An aspect of the invention is a method for forming a semiconductor device, more particularly, a method for removing a photoresist material from over an amorphous silicon layer using a wet stripping and cleaning operation that effectively removes the photoresist material without attacking the amorphous silicon layer. Amorphous silicon layers are often used as the release/sustain layer in the formation of MEMS devices and the method therefore finds particular application in methods used to form MEMS devices such as MEMS mirror structures. The invention is not limited to that application, however. In an exemplary embodiment, the method of the present invention may be used in conjunction with a solvent that includes an amine or other component that is capable of effectively removing photoresist or other organics and which, in the prior art, can attack the amorphous silicon layer. In one embodiment, the solvent may include MEA, monoethanolamine, and DMSO, dimethyl sulfoxide, as significant components but the invention is not intended to be limited to use in conjunction with any particular photoresist solvent stripper. The method of the invention also finds particular advantage when used in conjunction with a wet strip/clean operation that follows a dry plasma stripping operation. The invention is not intended to be limited to such particular application, however. A protective treatment of the amorphous silicon material is provided prior to the introduction of the wet stripping/cleaning solvent to prevent damage of the amorphous silicon layer during the wet stripping/cleaning operation. The amorphous silicon layer is particularly susceptible to attack since it may serve as the etch-stop layer for a multitude of etching operations used in the formation of MEMS devices, and is therefore exposed to multiple photoresist stripping and cleaning operations.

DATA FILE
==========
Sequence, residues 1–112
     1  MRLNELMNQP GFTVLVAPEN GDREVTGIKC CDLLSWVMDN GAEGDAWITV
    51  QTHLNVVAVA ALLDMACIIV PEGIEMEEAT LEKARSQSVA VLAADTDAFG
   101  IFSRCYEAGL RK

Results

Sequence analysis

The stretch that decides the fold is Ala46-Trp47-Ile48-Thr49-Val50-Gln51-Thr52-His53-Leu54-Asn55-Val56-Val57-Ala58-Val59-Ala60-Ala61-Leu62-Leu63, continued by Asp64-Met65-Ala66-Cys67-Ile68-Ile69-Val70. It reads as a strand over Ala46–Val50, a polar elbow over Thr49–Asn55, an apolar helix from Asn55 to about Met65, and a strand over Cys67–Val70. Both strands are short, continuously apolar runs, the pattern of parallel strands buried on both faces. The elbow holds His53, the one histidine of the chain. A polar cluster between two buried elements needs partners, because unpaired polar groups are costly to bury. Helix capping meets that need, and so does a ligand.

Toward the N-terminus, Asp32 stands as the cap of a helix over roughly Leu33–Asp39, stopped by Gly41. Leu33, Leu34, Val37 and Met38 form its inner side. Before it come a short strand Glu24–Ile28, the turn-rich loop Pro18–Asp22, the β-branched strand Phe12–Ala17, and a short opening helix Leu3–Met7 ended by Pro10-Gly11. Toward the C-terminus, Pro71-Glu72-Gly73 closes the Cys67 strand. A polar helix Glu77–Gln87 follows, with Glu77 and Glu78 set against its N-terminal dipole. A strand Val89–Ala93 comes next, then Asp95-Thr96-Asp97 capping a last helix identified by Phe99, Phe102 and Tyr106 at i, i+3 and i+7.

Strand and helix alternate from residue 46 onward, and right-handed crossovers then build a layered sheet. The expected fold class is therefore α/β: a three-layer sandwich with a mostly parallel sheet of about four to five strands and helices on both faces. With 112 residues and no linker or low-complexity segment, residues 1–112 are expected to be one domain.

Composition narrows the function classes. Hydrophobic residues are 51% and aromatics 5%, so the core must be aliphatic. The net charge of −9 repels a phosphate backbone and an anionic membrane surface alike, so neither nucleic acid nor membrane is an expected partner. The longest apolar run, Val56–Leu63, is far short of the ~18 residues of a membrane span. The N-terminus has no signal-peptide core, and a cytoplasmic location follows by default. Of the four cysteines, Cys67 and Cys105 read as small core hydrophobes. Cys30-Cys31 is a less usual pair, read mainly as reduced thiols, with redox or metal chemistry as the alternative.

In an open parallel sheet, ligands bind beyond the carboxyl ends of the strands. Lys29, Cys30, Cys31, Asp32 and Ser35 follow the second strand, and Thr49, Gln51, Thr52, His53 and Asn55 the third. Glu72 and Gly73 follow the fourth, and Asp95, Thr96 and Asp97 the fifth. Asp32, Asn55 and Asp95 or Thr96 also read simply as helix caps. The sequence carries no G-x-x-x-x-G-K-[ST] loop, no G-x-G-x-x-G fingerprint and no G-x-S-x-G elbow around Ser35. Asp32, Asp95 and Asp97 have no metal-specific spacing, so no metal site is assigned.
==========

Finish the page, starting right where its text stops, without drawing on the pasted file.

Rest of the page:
The sequence of processing operations illustrated in the figures is intended to be exemplary only.